There are other factors to be considered when using AEC. AEC determines tube current mainly based on the localizer image. The direction of localizer imaging has been shown to affect radiation dose in body regions [20,21,22,23]. Selection of the localizer direction, either the frontal or lateral direction, may also influence tube current modulation in brain CT. Reduction in radiation dose derived from the localizer imaging is desirable; however, excessive reduction may decrease contrast in the obtained image and disturb the estimation of X-ray attenuation [29]. We acquired two localizer images, posteroanterior and lateral images, using the minimum tube current applicable on the scanner. The posteroanterior image is used only for confirmation of appropriate positioning but not for tube current modulation, and may be omitted. Posteroanterior imaging is preferable to anteroposterior imaging to reduce the radiation dose to the eye lens. Centering of the patient’s head is important especially for tube current modulation using an anteroposterior or posteroanterior image [20,30,31]. When an anteroposterior localizer image is acquired with the head above the center, the head is magnified on the obtained image, resulting in an overestimation of X-ray attenuation and consequently causing excessive radiation exposure. Automatic positioning using artificial intelligence has been reported to decrease the effect of off-centering while shortening the positioning time [32].
In this study, CT scanners of one specification provided by one manufacturer were used. Investigation using AEC systems from other manufacturers remains to be performed. Moreover, although the image quality is accepted for diagnosis by radiologists in our clinical practice, we did not evaluate image quality systematically in this study, and assessed the appropriateness of dose modulation based on the relationship between the head size and radiation dose on the image-set basis and slice-by-slice basis. In the optimization process of radiological imaging, the balance between radiation dose and image quality is considered, and radiation dose is reduced while preserving clinical benefits offered by the imaging. To prove the appropriateness of AEC-based dose modulation, it is desired to assess whether AEC improves consistency in image quality among patients and among slices.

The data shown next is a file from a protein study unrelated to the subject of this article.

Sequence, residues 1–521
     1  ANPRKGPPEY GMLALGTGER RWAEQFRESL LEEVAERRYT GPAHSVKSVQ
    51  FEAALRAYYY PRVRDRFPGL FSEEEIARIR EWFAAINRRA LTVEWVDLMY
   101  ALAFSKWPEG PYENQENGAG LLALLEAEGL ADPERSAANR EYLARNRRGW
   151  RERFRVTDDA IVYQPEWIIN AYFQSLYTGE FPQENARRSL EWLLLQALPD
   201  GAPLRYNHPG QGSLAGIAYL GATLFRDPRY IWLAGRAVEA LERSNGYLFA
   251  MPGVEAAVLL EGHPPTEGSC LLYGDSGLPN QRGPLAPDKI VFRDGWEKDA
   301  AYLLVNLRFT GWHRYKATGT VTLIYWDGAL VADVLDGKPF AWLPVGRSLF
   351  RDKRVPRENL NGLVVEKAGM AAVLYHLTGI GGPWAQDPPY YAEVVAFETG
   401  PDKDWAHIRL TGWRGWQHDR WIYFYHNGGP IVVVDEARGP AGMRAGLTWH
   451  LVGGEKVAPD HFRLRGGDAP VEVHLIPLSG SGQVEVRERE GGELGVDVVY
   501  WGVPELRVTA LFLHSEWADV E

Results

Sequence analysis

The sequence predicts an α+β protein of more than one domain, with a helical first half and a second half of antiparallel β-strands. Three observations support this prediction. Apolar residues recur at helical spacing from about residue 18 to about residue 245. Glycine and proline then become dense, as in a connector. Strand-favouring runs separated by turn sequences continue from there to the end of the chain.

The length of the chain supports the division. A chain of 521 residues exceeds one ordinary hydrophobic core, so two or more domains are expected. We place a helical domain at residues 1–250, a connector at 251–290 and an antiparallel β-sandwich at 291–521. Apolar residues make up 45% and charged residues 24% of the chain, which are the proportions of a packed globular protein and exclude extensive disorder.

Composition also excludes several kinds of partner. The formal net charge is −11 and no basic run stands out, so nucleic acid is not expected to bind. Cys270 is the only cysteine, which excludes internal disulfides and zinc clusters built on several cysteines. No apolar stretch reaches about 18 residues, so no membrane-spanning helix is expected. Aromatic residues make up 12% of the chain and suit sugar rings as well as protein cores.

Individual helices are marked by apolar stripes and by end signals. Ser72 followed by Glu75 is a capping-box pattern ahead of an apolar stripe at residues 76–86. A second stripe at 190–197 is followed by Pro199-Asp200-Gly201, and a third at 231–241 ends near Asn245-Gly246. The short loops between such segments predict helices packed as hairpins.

5. Conclusions

In this study, we investigated the relationship between the head size and radiation dose in pediatric brain CT performed using AEC. The phantom experiments showed that AEC decreased differences in image noise between slices of different section sizes. Image-set-based analysis of patient data demonstrated an exponential relationship between CTDIvol and WEDmean, and slice-based analysis showed exponential relationships between tube current and WEDslice, indicating successful radiation dose modulation according to the head size for each patient and for each slice location within a patient. Age-matched and weight-matched comparisons demonstrated higher CTDIvol in male than female patients, and the sex-dependent differences in radiation dose were attributable to those in WED. This study indicated the validity of AEC-based dose modulation in clinical situations. For the optimization of radiation doses, the application of AEC is recommended in pediatric brain CT.

Author Contributions

Conceptualization, Y.I.; methodology, Y.I., H.I. and H.M.; formal analysis, Y.I., H.I., H.M., H.H., R.S., N.S. and K.M.; investigation, Y.I., H.I., H.M. and H.H.; resources, Y.I.; data curation, Y.I., H.I., H.H. and R.S.; writing—original draft preparation, Y.I.; writing—review and editing, Y.I., H.I., H.M., H.H., R.S., N.S. and K.M.; visualization, Y.I.; supervision, Y.I.; project administration, Y.I. All authors have read and agreed to the published version of the manuscript.

Funding